Monday, March 30, 2009

Please comment! Continue the dialogue!

Folks--we're sorry. Blogger's default setting is to require folks to be registered users in order to post comments. We have corrected this--now ANYONE can comment, even anonymously. We'll still be moderating, but I can't imagine what you would say that we wouldn't post!

So....let's get discussing!

Sunday, March 29, 2009

Get Involved!!!

In our upcoming column we talk about the dire straits many museums and libraries find themselves in due to the current recession. And Congress came very close to specifically excluding museums from receiving any of the moneys doled out as part of the recent economic stimulus package. Public institutions like museums and libraries are the repository of our shared culture and we, as collectors, dealers, and auctioneers, need to make it known that we value them. How can you help? Contact your representatives and urge them to help ensure adequate funding! Check out the following sites to find the various elected officials that represent you:

U.S. House of Representatives:

U.S. Senate:

State Governors:

Various other state officials:

Sunday, March 22, 2009

February Means Nashville

When we first started in the antiques business, each February there was a veritable Lalapalooza of antiques in Nashville. Heart of Country, Tailgate, and Music Valley...three great shows, in essentially one location, consisting of hundreds of dealers and loads of great stuff. And it always involved a couple of nights at the Opryland Resort, which is, frankly, a real hoot. Now, however, the Nashville shows take place over two weekends and now on opposite sides of town. So, is the magic gone?

Well, certainly Nashville in February isn't quite the "experience" that it use to be. The bright lights of Heart and the bedroom dealing (literally) of Tailgate are still there, but it's a very different set of shows.

First up were the original Jenkins shows, Tailgate and Music Valley, now both at the state fairgrounds. Present were a strong group of dealers, including a number of dealers who had immigrated from the Heart show, and they did bring lots of good stuff. And the good news...many dealers were making sales. Fellow Ohioans David and Carol Swope reported the sale of not one, but three drop-leaf tables (if you've been to an auction recently, you've probably noticed that drop-leaf tables are hard to give away). The healthy number of red stickers proved a happy reminder that things are NOT as bad as the 24/7 barage of doom-and-gloom news would have you believe.

Two weeks later, it was time for Heart of Country, as well as Fiddlers, a new show attempting to take the place of Tailgate (formerly held at the Fiddlers Inn). Honestly, we weren't expecting much...Heart had about 50 dealers and Fiddlers not too many more. Though much smaller, the quality of Heart was as good as any other year, and it included many new faces, as well as some old friends. One long-time Heart dealer reported more sales than ever before. Granted, he brought different and less expensive antiques than he is known for, but you can't argue with sales! He seemed to prove once again that the dealers who are adaptive and economy friendly are still selling (in other words, if you are trying to cling to your 1998 business model, you are probably not enjoying life in the trade these days).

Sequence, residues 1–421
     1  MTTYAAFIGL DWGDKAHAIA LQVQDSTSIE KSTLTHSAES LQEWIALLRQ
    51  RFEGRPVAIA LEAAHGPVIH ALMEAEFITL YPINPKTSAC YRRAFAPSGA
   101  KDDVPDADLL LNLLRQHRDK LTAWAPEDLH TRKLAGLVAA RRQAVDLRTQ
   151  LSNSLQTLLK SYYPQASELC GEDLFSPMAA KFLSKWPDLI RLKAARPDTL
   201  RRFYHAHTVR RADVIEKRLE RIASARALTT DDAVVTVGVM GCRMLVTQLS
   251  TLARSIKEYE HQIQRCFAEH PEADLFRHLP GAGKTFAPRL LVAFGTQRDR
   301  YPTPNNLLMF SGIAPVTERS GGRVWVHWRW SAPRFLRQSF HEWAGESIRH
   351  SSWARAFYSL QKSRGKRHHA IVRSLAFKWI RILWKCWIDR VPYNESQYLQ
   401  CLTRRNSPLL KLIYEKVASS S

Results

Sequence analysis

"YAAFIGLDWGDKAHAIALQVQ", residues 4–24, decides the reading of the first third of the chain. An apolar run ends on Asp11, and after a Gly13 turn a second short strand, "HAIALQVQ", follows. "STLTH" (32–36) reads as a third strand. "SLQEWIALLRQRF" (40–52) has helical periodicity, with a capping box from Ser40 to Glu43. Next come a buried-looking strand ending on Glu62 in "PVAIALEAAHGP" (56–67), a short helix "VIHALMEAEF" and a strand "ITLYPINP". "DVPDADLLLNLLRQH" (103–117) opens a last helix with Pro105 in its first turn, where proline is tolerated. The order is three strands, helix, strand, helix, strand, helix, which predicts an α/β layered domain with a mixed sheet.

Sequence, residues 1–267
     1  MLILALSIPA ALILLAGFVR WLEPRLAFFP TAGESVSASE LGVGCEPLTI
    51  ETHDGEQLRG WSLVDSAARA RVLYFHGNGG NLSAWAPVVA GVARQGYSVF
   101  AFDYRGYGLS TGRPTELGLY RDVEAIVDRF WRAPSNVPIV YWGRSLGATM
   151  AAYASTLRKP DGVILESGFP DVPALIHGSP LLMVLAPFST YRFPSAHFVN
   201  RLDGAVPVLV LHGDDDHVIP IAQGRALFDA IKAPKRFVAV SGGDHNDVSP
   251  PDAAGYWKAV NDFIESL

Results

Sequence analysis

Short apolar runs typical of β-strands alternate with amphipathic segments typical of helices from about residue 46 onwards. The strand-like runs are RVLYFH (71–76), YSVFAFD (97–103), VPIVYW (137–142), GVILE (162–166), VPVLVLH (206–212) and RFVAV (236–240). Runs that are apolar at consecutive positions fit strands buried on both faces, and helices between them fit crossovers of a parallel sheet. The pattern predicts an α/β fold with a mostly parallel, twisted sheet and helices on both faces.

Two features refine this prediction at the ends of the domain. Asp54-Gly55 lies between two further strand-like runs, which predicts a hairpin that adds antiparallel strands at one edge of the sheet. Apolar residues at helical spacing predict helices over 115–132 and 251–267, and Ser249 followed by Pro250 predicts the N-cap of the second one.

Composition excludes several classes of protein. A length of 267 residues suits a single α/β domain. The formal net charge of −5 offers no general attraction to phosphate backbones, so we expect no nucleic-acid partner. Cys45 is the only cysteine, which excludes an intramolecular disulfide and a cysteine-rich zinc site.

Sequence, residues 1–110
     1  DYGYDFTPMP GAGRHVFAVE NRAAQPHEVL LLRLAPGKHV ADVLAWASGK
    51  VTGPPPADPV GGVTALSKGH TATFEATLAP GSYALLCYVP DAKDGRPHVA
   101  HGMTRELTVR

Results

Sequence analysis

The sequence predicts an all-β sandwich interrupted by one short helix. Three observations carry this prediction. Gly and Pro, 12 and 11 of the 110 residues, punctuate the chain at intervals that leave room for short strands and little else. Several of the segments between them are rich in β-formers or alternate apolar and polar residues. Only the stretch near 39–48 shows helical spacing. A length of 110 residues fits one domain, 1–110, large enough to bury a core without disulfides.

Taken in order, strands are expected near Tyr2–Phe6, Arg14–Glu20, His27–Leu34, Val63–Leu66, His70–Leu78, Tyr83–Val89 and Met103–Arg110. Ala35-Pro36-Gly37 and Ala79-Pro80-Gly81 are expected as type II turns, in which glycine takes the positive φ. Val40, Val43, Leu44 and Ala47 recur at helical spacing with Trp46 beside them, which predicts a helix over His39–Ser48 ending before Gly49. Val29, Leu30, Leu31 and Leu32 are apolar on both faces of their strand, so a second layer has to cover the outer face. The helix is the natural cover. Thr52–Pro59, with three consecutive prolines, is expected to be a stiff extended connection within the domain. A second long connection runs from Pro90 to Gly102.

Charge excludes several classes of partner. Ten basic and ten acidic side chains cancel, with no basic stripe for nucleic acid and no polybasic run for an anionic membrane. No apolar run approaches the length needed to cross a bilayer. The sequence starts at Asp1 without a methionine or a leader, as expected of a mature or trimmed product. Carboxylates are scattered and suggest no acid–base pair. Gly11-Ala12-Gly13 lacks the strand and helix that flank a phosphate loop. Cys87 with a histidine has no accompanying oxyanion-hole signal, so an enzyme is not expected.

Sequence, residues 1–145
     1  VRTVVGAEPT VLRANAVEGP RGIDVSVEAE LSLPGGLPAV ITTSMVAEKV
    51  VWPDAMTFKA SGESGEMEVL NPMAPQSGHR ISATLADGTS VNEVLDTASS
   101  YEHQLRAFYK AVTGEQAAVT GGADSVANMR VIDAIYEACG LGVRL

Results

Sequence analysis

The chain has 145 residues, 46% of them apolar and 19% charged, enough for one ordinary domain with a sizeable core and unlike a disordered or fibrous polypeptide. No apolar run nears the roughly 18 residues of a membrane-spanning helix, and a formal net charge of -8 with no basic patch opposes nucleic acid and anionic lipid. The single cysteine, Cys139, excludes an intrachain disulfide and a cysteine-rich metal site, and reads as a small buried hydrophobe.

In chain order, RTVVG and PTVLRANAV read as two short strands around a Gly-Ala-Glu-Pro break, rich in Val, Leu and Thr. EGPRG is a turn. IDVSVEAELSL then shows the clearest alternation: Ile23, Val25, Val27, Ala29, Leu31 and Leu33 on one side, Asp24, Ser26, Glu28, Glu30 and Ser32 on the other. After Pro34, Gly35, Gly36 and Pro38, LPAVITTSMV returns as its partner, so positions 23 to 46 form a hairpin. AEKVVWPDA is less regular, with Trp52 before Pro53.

Probably the highlight was our discovery of a rare eastern Ohio watercolor fraktur in the booth of a couple of Virginia collectors. When we spied it from across the floor, it had no price. The booth was staffed by show promoter Pat Garthoeffner, who was busy with her own booth. When we finally connected, it was discovered that we had forgotten our checkbook! However, despite a few additional setbacks, Pat worked did what it took to make the sale. Thanks! We appreciate it!

Hollie's highlight was probably taking this photograph of Andrew on Delta Island in Opryland.

Yes, we miss the old Nashville weekend with all three shows at the same time and place, but the new version, I'm sure, will grow on us. Today's market is about doing adapting...doing what it takes to get the attention of the collectors even when the economy, and other factors, are not cooperative.

Next up....Ohio Country in early April, followed by Fairhaven and Richmond in June.

Sunday, March 15, 2009

More on the "Middle Market"

We're sorry for our recent deadlines and trips to 2 sets of Nashville shows (full report coming soon) have kept us very busy.

But as promised in our current column, here is the small-medium-large clip from the movie Role Models. We're not the only ones who think this trend is ridiculous!

If you have a comment or thought on the middle market, let us know via "comment"! We're convinced that the lack of young collectors and the demise of the middle market are inextricably linked. If we want to solve one problem, we're going to have to solve them both, so let's hear your thoughts!

Monday, March 2, 2009

Buy what you like!

It's such a simple statement, but it pretty much sums our collecting philosophy. Just buy what you like...what makes you smile. It's YOUR money and YOU have to live with it, so don't let anyone tell you what you should collect.

Take, for example, the thing pictured here. It's, um, a huge bracket fungus that someone 100 years or so ago decided was not only worth keeping, but was worth decorating! And whoever painted this was pretty darn good.

We've seen lots of decorated odds and ends--butter paddles, bowls, bottles, and even other fungi--but this one is the best we've seen and absolutely our favorite. It sits on the top of a cupboard in our dining room, and every day as we descend the stairs, we look at it and smile.

What'd we pay? $225. So it was cheap too!